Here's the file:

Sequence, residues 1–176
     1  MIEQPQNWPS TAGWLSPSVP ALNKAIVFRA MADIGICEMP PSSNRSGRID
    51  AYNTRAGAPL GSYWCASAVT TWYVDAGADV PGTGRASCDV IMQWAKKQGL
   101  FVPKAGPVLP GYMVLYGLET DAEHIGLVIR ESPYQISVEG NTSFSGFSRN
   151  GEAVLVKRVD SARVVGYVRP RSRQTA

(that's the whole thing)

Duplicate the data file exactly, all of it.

Sequence, residues 1–176
     1  MIEQPQNWPS TAGWLSPSVP ALNKAIVFRA MADIGICEMP PSSNRSGRID
    51  AYNTRAGAPL GSYWCASAVT TWYVDAGADV PGTGRASCDV IMQWAKKQGL
   101  FVPKAGPVLP GYMVLYGLET DAEHIGLVIR ESPYQISVEG NTSFSGFSRN
   151  GEAVLVKRVD SARVVGYVRP RSRQTA